'Resident Evil 2' Review: A Phenomenal Horror Game Made Even Better

When Resident Evil 2 first came out in 1998, it was a complete game-changer for the horror genre. [...]

When Resident Evil 2 first came out in 1998, it was a complete game-changer for the horror genre. Capcom's gory hit perfectly blended a strong narrative with a guttural shock factor that enthralled the world. The Resident Evil 2 remake continues that tradition, bigger and better than ever before.

As a huge fan of the original, I was excited to dive in and see all of the changes to iconic characters like Claire, Leon, and Ada Wong. Especially Leon, my first video game crush -- don't judge. Thankfully, the way in which Capcom re-imagined the cast of survivors was everything I'd hoped for and so much more.


For anyone not familiar, the story of Resident Evil 2 begins with a young rookie of a cop, Leon Kennedy, as he is thrust into a chaotic world littered with the walking dead alongside a hopeful college student named Claire Redfield. Tossed into the midst of the dying area of Racoon City, both Leon and Claire must figure out how to survive while uncovering what caused this hell on Earth.

What was and is really intriguing, and absolutely terrifying if you're like me and have a love-hate relationship with horror games, is the two different campaigns. Fans of the franchise will be familiar with this mechanic, but it really offers two totally different play experiences with a narrative that is still intertwined at its conclusion. Whether you play as Leon or Claire when first diving in, both paths offer thrills and nail-biting horror that the original Resident Evil 2 game perfected back in the day.

The game offers a progressive sort of play, one that begins on an admittedly frustrating note. With a fixed camera angle that can be irritating at times, especially in those high-intensity moments, oftentimes while trapped within incredibly tiny areas. Resident Evil 2 definitely doesn't hold the player's hand, and that escalated feeling of discovery and mastery really adds an entirely new level of appreciation and triumph that is more often than not missing from modern horror games.


But just because the gameplay is progressive, that doesn't mean it gets predictable. One aspect of the game I both loved and hated was when I'd finally get a grip on what's going on, it'd drop me off into a completely different scenario, making me feel like I'm back at square one. There were definitely more than a few moments when I stayed in a particular room longer than necessary simply because I was scared to leap back into the unknown. I was genuinely scared to leave, which is a testament to how perfectly crafted this horror experience truly is.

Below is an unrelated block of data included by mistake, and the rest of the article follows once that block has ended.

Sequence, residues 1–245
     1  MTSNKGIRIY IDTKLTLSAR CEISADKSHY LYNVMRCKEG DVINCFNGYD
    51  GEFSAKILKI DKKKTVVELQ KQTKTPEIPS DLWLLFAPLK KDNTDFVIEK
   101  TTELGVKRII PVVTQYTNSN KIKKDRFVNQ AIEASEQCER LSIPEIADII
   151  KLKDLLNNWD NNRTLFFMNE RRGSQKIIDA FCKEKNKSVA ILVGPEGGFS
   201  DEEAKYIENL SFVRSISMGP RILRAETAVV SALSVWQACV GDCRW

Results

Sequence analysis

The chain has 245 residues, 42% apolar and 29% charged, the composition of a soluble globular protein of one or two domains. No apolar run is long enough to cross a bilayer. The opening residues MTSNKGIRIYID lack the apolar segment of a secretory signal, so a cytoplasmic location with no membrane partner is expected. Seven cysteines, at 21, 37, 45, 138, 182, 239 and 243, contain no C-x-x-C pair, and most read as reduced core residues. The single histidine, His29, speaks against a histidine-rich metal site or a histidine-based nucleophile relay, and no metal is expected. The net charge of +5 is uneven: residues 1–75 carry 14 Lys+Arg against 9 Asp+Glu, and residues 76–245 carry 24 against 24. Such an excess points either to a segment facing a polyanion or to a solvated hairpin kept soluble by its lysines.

The graphics, especially when comparing to the original, are unreal. To see a beloved tale in this generation's graphics is so unbelievably amazing as a longtime fan. For newcomers, the fresh visuals and fluid mechanics are a treat no matter what the previous familiarity with series is. From the visceral gore seen in the undead, to the way the rain hits the surrounding environment, visually this game is a masterpiece and offered a very fresh experience to a familiar tale.

The survival part of this game becomes very apparent, very quickly. If you go in guns blazing with no strategy, you're going to end up really dead, very quick. Because of that, players need to be invested in their own method of play as well as what's around them, and that adds an entirely new level of immersion to an already immersive experience.


And don't think you can skirt your way through it using a melee weapon at all times either. You can't just hack and slash your way through this game; even with a melee weapon, you still have to get up close and personal, and then you have to get even closer to retrieve that weapon. That zombie you thought you killed? Yeah, he might not be that dead after all, and when you're getting that combat knife from his neck? That's a good time for him to spring at you.

The controls for this game were about what any familiar Resident Evil fan will expect. A forced camera angle is laborious at first, but gets easier and does eventually evolve to a more tailored play experience. That being said, there were a few instances throughout the story where the sprinting or movement in general was a bit jilted, causing a break in immersion, and at times disruptive. At the same time, however, this is an ode to the original, and honestly if they did the mechanics any other way -- no matter how maddening they can be at times -- it might not have felt as organically Resident Evil as it does in its current state.

Resident Evil 2 is a survival horror experience in its truest sense. From a constantly teased false sense of security, to horrifying instances that go far beyond a simple jump scare, this remake is one that every fan of the original needs to play. For those that aren't familiar with the Resident Evil franchise in its humble beginnings, it's still a treat, albeit imperfect, and one that requires no previous knowledge of the other games.

From its challenging story from start to finish, to the incredible character development and increasing level of intrigue and desire to know more, Capcom mostly nailed bringing this beloved title into 2019, and it's an experience every horror fan needs to have for themselves.

Rating: 4 out of 5

Resident Evil 2 releases on Xbox One, PlayStation 4, and PC on January 25th.